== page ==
LEFKOSA, Turkish Republic of Northern Cyprus
In a move hinting at tentative recognition of the Turkish Cypriot state, the UN secretary-general may include the words “two self-governing regions” in a Cyprus report to be submitted to the Security Council in July, according to a Greek Cypriot media report.
The news conveyed by Jane Holl Lute, the UN Cyprus envoy, in a meeting with Greek Cypriot leader Nicos Anastasiades last Tuesday drew a strong backlash from the Greek Cypriot side, according to Phileleftheros daily.
Lute told Anastasiades that the inclusion of the words “self-governing regions” is part of UN chief Antonio Guterres’ efforts to encourage the Turkish side and may help address some concerns of the Turkish Cypriots.
The Greek Cypriot administration balked at the idea, saying it would be akin to giving sovereignty to the Turkish Republic of Northern Cyprus (TRNC), the report said.
On Friday, TRNC President Ersin Tatar said official negotiations on the Cyprus issue can only start once the TRNC’s sovereignty is recognized, a recognition now only given by Turkey.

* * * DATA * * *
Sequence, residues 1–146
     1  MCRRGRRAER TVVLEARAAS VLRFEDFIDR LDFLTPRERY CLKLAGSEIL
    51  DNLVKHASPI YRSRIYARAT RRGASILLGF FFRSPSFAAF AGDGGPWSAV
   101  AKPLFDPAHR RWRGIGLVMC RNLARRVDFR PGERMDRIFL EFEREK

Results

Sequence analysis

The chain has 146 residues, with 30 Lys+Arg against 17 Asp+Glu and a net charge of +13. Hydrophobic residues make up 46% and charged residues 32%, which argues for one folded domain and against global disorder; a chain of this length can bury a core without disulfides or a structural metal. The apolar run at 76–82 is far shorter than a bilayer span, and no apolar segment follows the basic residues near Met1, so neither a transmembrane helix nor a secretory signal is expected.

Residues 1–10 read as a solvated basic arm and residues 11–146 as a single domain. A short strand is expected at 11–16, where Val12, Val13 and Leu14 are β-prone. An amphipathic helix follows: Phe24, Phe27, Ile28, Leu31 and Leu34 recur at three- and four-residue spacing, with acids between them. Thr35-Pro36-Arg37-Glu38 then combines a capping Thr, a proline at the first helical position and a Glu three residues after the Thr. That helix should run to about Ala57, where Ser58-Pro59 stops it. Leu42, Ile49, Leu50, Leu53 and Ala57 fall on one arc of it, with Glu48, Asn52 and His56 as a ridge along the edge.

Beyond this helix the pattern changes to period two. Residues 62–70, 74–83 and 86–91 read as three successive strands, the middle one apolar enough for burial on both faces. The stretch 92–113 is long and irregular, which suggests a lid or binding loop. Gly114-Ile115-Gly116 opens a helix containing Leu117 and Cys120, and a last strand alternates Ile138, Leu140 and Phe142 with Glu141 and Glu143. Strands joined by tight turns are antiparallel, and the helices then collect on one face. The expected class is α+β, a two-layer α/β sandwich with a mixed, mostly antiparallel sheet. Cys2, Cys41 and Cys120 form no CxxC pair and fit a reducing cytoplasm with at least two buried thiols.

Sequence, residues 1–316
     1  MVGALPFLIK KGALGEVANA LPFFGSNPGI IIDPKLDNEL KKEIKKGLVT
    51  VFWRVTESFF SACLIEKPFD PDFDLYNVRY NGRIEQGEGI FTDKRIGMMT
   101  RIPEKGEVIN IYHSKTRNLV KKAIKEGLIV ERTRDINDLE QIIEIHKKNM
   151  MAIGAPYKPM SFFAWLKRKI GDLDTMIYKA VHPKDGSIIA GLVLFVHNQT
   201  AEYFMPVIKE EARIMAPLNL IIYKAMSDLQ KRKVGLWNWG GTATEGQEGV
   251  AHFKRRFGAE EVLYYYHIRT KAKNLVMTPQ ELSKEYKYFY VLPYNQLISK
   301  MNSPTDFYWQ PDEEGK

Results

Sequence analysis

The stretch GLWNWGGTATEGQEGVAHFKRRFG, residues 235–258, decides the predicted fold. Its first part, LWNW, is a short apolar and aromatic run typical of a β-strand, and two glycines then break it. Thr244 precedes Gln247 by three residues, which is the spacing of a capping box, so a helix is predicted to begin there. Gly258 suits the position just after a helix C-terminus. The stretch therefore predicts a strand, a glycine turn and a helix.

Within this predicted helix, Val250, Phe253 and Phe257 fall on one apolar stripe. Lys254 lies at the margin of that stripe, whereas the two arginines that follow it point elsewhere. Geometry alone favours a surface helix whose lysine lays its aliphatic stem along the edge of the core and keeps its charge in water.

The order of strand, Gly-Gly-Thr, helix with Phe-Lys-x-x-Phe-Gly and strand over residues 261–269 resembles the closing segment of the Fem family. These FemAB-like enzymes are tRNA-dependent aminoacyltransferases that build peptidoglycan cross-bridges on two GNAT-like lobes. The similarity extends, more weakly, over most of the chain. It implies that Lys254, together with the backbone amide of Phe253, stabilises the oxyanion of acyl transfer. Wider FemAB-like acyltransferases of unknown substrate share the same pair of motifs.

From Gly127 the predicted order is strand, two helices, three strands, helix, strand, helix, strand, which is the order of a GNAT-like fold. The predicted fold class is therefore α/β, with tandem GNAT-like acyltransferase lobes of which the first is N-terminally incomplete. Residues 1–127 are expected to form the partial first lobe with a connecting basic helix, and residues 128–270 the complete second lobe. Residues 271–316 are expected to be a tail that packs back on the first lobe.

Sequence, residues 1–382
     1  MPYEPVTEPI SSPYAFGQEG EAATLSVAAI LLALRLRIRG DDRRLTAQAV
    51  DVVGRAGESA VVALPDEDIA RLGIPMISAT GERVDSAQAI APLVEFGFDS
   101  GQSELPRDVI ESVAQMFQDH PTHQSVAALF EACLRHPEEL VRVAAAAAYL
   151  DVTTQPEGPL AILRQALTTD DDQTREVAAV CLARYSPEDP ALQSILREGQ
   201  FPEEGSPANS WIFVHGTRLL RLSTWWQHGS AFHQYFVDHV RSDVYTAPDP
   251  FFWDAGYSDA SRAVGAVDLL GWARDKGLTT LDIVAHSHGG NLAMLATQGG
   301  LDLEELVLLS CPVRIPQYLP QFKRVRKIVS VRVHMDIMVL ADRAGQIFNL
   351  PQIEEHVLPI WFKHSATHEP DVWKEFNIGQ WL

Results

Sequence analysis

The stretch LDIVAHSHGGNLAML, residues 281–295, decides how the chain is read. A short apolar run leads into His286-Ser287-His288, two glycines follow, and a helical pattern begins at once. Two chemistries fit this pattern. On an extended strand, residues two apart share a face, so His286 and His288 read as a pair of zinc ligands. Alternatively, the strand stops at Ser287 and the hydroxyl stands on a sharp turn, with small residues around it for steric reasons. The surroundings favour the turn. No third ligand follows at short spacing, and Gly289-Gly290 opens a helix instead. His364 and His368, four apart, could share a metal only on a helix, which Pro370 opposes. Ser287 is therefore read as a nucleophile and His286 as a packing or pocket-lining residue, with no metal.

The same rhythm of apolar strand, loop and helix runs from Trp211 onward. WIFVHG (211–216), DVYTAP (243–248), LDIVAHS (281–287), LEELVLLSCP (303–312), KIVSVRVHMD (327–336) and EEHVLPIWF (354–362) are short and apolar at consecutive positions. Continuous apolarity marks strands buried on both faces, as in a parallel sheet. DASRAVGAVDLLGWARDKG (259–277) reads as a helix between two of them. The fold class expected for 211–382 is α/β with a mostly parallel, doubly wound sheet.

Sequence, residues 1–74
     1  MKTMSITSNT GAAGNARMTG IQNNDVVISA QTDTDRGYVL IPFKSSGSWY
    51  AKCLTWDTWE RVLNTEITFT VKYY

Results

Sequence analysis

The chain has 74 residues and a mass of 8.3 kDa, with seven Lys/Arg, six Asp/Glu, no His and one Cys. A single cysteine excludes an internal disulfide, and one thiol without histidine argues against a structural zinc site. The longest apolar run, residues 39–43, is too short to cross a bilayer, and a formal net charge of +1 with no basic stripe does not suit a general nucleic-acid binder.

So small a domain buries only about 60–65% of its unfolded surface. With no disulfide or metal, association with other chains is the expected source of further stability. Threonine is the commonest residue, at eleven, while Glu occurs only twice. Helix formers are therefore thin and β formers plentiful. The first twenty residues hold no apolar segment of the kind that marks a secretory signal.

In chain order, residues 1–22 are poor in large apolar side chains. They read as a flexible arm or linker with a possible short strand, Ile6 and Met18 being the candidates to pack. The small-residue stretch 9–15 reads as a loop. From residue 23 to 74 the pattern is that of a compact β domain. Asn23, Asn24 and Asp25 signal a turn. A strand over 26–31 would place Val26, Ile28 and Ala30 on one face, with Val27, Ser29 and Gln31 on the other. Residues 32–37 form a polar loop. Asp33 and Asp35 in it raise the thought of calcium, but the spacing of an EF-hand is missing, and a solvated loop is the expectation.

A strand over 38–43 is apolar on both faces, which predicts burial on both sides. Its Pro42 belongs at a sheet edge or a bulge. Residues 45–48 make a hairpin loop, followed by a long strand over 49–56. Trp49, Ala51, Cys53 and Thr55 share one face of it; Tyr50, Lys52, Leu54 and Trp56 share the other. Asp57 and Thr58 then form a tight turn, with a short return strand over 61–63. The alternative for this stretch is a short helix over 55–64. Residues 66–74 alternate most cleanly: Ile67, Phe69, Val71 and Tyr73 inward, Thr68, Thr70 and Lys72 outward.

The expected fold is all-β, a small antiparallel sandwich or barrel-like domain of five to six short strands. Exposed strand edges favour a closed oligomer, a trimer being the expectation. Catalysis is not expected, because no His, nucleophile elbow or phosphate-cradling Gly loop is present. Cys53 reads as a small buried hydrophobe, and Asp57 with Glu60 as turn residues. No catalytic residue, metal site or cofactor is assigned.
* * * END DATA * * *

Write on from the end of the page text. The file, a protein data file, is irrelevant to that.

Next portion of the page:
Equal international status needed for any new talks
Meeting with Guterres in Brussels, Tatar reiterated the need for acceptance of equal international status.
He told reporters that his discussions with the UN chief were “beneficial” and “sincere,” adding that Guterres will evaluate if there will be a second 5+1 meeting in Geneva.
The unofficial first 5+1 meeting – with both sides of the island, guarantor countries Turkey, Greece and the UK, and the UN – was held in Geneva from April 27 to April 29.
However, no common ground was found to begin negotiations.
Guterres suggested that the process “could be accelerated and handled more seriously” with the appointment of a special representative, said Tatar, adding that the TRNC will consider the suggestion.
Cyprus has been divided since 1964, when ethnic attacks forced Turkish Cypriots to withdraw into enclaves for their safety. In 1974, a Greek Cypriot coup aiming at Greece’s annexation led to Turkey’s military intervention as a guarantor power.
The Turkish Republic of Northern Cyprus was founded in 1983.
The Greek Cypriot administration, backed by Greece, became a member of the European Union in 2004, although that year most Greek Cypriots rejected a UN settlement plan in a referendum envisaging a reunited Cyprus joining the EU.
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